Dodger Thoughts

Jon Weisman's outlet for dealing psychologically with the Los Angeles Dodgers, baseball and life

The Clayton Kershaw no no-no list


By Jon Weisman

Clayton Kershaw has been many things so far in his young career, but a no-hit pitcher isn’t one of them.

In fact, given his dazzling stuff, it’s remarkable how rarely he has threatened to throw a no-no, and how rapidly he usually loses them.

In 192 career starts, including the postseason, Kershaw has taken a no-hitter past the sixth inning only once. Nolan Ryan finished nine innings without allowing a hit more times than Kershaw has finished five innings.

The breakdown to date of when Kershaw has lost his no-hit bids:

  • First inning: 102 times
  • Second inning: 45 times
  • Third inning: 23 times
  • Fourth inning: 17 times
  • Fifth inning: three times
  • Sixth inning: once
  • Seventh inning: none
  • Eighth inning: once

What follows is a brief history of Kershaw’s hitful wonders …

2008: Setting a precedent, Kershaw’s rookie season almost completely free of no-hit drama. In 19 starts, he gave up a hit in the first inning 16 times, and only once went past the third inning before allowing a hit, making it all the way to the fifth inning on September 2.

2009: Despite moving up to 30 starts (plus two more in the postseason), he only took a no-hitter past the fourth inning once. But it was a good ride – on May 17, he made it until the eighth before giving up a leadoff double to Florida’s Cody Ross (the same guy he walked twice in one inning at Arizona last weekend). Kershaw had walked four that game and thrown 112 pitches, so the double probably saved manager Joe Torre a dilemma.

It was the second time that season Kershaw pitched seven innings of one-hit ball – on April 15, the only hit he allowed was a second inning home run by San Francisco catcher Bengie Molina.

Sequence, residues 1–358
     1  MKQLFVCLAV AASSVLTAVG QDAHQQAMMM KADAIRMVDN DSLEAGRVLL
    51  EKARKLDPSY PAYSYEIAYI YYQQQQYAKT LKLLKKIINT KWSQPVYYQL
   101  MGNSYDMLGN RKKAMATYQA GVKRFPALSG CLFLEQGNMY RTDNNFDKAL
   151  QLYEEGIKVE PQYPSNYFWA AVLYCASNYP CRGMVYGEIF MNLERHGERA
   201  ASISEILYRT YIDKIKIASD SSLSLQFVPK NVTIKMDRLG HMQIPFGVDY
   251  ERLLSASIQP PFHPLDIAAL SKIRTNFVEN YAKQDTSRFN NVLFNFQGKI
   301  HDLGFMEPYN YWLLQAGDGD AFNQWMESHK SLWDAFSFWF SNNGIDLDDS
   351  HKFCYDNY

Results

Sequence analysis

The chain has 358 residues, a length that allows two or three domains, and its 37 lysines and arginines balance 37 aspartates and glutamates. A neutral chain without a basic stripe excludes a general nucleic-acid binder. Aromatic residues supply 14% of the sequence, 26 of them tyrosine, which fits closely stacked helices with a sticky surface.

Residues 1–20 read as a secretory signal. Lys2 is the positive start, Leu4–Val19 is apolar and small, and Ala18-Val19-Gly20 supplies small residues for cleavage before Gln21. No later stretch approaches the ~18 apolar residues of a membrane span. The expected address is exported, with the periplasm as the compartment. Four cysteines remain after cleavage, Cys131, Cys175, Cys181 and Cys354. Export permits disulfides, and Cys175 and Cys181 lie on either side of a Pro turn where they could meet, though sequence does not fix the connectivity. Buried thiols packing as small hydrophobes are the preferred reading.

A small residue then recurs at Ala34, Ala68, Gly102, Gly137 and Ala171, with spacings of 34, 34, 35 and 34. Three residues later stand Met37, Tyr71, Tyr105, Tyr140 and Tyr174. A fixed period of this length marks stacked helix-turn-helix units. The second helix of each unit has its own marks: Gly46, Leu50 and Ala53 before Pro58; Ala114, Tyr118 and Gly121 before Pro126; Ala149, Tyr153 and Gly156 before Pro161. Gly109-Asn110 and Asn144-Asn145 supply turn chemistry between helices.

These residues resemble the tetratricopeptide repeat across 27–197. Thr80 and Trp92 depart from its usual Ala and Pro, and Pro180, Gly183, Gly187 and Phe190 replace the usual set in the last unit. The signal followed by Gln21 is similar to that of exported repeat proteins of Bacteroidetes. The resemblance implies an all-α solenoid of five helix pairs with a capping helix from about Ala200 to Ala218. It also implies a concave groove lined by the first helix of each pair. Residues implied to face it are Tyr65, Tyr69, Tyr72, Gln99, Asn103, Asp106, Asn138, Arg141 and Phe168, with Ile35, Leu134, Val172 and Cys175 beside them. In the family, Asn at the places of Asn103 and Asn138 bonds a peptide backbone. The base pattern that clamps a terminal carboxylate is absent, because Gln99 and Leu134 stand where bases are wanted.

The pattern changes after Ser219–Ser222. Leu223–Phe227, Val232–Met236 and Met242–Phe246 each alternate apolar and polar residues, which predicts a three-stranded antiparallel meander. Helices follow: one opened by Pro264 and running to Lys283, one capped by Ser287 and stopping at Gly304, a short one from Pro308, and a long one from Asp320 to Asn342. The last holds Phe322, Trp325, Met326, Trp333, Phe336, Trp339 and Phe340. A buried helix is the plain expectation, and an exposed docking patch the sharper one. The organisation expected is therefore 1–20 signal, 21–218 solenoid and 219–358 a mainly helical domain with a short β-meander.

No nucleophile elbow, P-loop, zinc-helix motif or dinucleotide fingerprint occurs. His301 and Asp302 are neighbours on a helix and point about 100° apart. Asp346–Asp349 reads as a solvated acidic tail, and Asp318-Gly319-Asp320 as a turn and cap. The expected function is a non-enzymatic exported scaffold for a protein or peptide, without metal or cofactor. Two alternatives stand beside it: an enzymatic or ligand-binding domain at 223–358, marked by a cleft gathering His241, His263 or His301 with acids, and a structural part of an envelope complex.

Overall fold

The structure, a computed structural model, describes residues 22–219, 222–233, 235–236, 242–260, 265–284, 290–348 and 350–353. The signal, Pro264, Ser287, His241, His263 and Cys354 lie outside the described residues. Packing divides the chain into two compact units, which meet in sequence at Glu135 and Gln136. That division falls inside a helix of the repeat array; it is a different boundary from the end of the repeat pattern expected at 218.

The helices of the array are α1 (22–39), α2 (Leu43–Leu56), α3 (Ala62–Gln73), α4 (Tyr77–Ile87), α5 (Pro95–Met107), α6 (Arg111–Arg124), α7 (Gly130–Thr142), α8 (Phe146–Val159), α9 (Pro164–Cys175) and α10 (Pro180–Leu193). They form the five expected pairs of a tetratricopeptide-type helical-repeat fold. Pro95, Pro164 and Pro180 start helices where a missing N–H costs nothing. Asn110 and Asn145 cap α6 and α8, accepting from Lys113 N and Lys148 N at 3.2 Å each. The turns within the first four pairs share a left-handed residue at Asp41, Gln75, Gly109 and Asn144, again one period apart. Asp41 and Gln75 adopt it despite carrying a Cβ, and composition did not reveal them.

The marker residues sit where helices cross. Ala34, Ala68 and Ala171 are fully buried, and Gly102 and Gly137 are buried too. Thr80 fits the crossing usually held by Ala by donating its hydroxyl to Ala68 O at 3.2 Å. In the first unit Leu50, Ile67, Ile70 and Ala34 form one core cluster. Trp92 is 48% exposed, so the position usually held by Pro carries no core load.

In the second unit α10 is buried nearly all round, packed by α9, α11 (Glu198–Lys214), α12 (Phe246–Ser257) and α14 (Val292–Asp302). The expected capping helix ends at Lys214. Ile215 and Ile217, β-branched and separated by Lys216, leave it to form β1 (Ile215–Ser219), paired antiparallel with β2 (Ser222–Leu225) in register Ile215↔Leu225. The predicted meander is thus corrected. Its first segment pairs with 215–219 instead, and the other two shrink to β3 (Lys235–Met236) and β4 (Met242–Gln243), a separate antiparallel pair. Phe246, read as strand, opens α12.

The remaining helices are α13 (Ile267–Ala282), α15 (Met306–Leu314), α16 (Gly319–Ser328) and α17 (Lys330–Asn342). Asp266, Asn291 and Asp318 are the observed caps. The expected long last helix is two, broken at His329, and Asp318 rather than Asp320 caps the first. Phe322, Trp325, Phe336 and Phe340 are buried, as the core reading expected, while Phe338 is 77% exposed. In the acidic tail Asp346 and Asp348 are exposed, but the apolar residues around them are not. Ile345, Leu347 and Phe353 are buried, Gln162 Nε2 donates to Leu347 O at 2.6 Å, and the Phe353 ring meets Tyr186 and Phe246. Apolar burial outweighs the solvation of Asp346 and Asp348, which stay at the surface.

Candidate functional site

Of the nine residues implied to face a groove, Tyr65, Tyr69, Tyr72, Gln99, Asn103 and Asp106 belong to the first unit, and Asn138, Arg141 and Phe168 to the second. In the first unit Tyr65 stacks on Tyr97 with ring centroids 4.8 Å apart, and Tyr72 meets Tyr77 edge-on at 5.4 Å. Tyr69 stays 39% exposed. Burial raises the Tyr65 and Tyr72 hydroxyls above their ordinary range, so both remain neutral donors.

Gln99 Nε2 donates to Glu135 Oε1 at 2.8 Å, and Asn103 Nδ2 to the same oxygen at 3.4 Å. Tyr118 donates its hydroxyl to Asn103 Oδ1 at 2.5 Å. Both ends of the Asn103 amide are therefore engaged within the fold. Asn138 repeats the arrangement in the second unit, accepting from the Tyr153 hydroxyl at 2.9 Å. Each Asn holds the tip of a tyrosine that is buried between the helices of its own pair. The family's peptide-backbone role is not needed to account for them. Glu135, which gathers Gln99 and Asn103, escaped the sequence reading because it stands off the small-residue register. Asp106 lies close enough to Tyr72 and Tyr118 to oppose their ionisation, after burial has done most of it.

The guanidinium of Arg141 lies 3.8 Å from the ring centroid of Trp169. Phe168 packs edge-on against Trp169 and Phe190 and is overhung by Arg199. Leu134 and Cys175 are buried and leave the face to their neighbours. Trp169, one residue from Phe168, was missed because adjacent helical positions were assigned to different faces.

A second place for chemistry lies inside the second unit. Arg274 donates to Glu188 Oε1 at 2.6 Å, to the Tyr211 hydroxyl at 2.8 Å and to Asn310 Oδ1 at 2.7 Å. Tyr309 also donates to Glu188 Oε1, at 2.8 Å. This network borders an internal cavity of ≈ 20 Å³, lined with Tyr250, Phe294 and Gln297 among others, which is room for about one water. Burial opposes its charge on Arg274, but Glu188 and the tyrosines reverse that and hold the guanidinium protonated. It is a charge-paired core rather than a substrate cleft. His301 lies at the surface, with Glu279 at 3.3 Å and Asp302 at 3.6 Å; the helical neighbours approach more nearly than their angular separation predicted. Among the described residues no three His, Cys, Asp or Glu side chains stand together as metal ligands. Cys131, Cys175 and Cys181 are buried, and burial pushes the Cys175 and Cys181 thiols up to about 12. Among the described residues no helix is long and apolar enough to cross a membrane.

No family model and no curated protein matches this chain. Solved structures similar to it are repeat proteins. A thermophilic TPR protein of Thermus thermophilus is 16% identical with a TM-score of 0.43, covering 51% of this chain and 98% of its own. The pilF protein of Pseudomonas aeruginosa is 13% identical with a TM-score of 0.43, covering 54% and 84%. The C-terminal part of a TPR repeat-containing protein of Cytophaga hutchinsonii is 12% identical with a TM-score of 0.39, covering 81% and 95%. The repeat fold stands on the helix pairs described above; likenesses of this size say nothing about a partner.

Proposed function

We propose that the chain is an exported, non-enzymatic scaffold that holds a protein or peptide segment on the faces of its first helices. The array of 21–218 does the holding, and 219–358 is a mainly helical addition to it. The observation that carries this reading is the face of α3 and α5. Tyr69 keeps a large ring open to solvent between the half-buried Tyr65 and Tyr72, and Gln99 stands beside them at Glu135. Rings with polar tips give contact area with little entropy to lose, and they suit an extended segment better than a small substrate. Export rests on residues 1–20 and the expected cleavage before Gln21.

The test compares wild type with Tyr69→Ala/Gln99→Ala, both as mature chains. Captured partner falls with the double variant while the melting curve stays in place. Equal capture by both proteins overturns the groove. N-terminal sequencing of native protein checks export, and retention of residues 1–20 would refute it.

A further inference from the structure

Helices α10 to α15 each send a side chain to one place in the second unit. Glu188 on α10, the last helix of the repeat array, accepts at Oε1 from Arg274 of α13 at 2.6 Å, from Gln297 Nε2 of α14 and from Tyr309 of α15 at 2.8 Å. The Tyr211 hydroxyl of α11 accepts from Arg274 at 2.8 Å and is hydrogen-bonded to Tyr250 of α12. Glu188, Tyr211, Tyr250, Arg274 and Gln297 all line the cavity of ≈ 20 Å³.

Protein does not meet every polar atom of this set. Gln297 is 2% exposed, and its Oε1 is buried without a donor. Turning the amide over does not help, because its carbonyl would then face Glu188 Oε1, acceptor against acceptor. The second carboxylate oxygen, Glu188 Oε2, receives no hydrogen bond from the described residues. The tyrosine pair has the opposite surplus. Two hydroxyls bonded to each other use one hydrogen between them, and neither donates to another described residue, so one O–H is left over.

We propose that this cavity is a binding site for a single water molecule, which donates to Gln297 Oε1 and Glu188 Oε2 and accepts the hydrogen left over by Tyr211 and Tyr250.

2010: This year was a real snooze for the no-hit watch. Amazingly for a pitcher with a 2.91 ERA, Kershaw did not throw a perfect first inning until his 27th start of the season, on August 27. Not all of those first innings were spoiled by hits, but he did allow first-inning hits in 19 starts, took a no-hitter into the third inning only five times and never once made it out of the fourth inning unscathed.

2011: Kershaw made things more interesting only on the smallest scale in year four. He managed to reach the third inning without allowing any his 13 times, but again didn’t once make it to the fifth hitless. His low-hit complete game, on May 29, was a two-hit shutout, allowing hits in the third and seventh innings while walking one. (He did take a one-hitter into the sixth inning on September 14, but was ejected after hitting Gerardo Parra with a pitch.)

2012: A Cy Young Award-winning season didn’t change Kershaw’s no-hit dynamic. It was another year of 33 starts, and another year of not taking a no-hitter past the fourth inning.

Through his first five MLB seasons, Kershaw had allowed a hit within the first four innings of 149 out of 151 starts and made it past the fifth one time.

2013: Breakthrough! Kershaw made it all the way to the sixth inning on May 3 before Marco Scutaro tripled. He also took a no-hitter into the fifth on August 11 and, for the first time in his career, a perfect game into the fifth in his next start, on August 17, retiring the first 12 batters before Phillies outfielder Domonic Brown singled to center.

2014: On Opening Day in Australia, Kershaw lost a no-hitter in the first inning for the 100th time in his career. The only time in his four starts this season that he pitched a perfect first inning, he allowed seven hits in the second inning.

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Double-doubled Dodgers go in and out of victory


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  1. Well Fernando didn’t get a no-hitter until about a decade into his career. It’ll happen.

  2. oldbrooklynfan

    I hardly think about perfect games or no hitters before the seventh inning. Right now all we rally need is wins.

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